Complexity (and risk) hides in tech projects
Learn how to spot IT “complexity”—and why you must
- Written by Anna Murray
- Comments: DISQUS_COMMENTS
You might think the riskiest aspects of your technology projects would be obvious—complete with flashing neon warnings.
Counterintuitively, the opposite is true. Complexities are often a tech project’s least-visible attributes, whether your tech project is a platform rollout, software development initiative, or system upgrade.
Here’s a rule: Complexity drives both risk and cost in technology projects.
So, what is complexity? The best way to understand a complex activity is to look at its sister activities, the simple and the complicated.
A simple activity is one that requires effort but little brainpower, such as shoveling a pile of snow.
A complicated activity has many interdependent steps that require understanding and skill as well as effort. Think of putting together an Ikea desk. That’s complicated.
I define the simple and the complicated in my previous two blogs.
Simple and complicated activities share one thing in common: They are low risk.
How so? In both cases, there is nearly a 100% chance you will succeed at what you’re doing. You may be frustrated at the do-it-yourself piece of furniture as it absorbs more and more of your weekend. But you know it will eventually get done.
Not so with complex activities.
What does complexity look like?
A good metaphor to understand complex activities is heart surgery.
If a guy rolls into the emergency room in cardiac arrest, he may have four underlying conditions the doctors don’t know about. The surgeon could be one of the best on the planet. Still, there is no assurance the patient is going to make it off the table.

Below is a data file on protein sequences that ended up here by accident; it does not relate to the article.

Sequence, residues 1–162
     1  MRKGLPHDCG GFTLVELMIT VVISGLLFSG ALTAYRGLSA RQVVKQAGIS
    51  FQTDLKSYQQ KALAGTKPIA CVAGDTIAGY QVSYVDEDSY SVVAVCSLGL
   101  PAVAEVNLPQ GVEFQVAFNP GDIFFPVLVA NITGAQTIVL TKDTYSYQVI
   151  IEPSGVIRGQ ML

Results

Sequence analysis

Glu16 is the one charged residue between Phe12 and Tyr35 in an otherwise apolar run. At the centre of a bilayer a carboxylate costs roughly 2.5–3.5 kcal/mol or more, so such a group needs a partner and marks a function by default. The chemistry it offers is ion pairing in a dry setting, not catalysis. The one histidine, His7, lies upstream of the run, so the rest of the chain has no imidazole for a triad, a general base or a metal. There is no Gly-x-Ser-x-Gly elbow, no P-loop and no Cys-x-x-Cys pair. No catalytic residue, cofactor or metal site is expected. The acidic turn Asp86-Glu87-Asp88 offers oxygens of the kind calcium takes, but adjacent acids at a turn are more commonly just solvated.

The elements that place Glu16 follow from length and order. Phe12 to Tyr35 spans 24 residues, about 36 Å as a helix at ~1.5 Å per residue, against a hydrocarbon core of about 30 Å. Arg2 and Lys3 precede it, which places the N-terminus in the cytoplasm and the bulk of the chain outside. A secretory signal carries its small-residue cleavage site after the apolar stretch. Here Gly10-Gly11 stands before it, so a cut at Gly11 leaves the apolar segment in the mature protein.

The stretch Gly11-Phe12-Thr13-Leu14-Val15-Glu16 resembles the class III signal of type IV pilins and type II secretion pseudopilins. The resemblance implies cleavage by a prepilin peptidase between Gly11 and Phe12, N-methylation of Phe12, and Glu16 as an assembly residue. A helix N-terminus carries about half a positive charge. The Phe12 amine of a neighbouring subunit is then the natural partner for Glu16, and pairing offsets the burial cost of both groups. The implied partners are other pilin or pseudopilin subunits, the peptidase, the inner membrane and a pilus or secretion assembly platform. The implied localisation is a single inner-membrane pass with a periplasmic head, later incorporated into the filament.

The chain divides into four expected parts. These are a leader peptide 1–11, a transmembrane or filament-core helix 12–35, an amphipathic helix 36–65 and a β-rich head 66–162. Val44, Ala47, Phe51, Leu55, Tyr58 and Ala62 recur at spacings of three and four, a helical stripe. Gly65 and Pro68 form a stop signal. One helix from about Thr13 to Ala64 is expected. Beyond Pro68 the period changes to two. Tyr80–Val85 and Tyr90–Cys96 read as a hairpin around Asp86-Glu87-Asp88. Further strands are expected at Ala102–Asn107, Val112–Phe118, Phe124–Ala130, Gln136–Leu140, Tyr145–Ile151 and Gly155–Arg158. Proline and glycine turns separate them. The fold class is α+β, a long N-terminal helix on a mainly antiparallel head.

• Are highly fluid and risky.
• Have a great many unknowns.
• Require skill and experience to attempt.
• Come with no guarantee of success.
In the technology world, complex activities usually involve innovation. They are fluid and risky because no one has attempted them before. Think of the moon landing.
Here’s the problem: Most business leaders unknowingly accept large swaths of complexity in their tech projects.
Complexity’s often not communicated
This is because tech teams typically make the simple and the complicated (piles of snow and Ikea desks) sound way worse than the complex (heart surgery).
• “You mean Greg is going to have to key in 2000 zip codes by hand!” a project lead wails.
(Simple task. 100% likelihood it will get done.)
• “To do the upgrade, we will have to make technical fixes to 150 Drupal modules on our website,” a programmer laments.
(Complicated task. 100% likelihood of success.)
In contrast, technical people can make complex tasks sound like a walk in the park:
• “No one has ever integrated WordPress with our membership system, so we’ll just have to custom-code a solution.”
• “All our customer records need to be imported into our new database. We suspect the legacy data isn’t clean. So we’ll just write a custom script to cleanse, de-dupe, and normalize the data.”
• “We need better customer conversion on our website. Let’s custom-code a recommendation engine to up-sell in the check-out process.”
Look out for words like “we’ll just,” “custom code,” and “hasn’t been done before.”
These are your tip-offs your looking at a heart surgery.
How to scrutinize suspected complex tasks
Ask you teams key questions such as:
• “Do you know what needs to be done in this custom coding job? Or are we on new terrain here?”
• “Do you have an estimate of how long it will take?”
• “What are the known-unknowns? What are the unknown-unknowns?”
If you are in complex territory, the answers to these questions will reveal it.
Complexity isn’t poison
A quick caution: No one is saying complexity is “bad” or should be avoided at all costs. Innovation often depends on accomplishing complex tasks.
The point is that business leaders must know how much complexity they are signing up for in their technology initiatives.
Don’t simply accept “we’ll just custom code” statements from your programmers.
Know which aspects of your project are complex.
And ask yourself whether the added benefit is worth the risk and cost.
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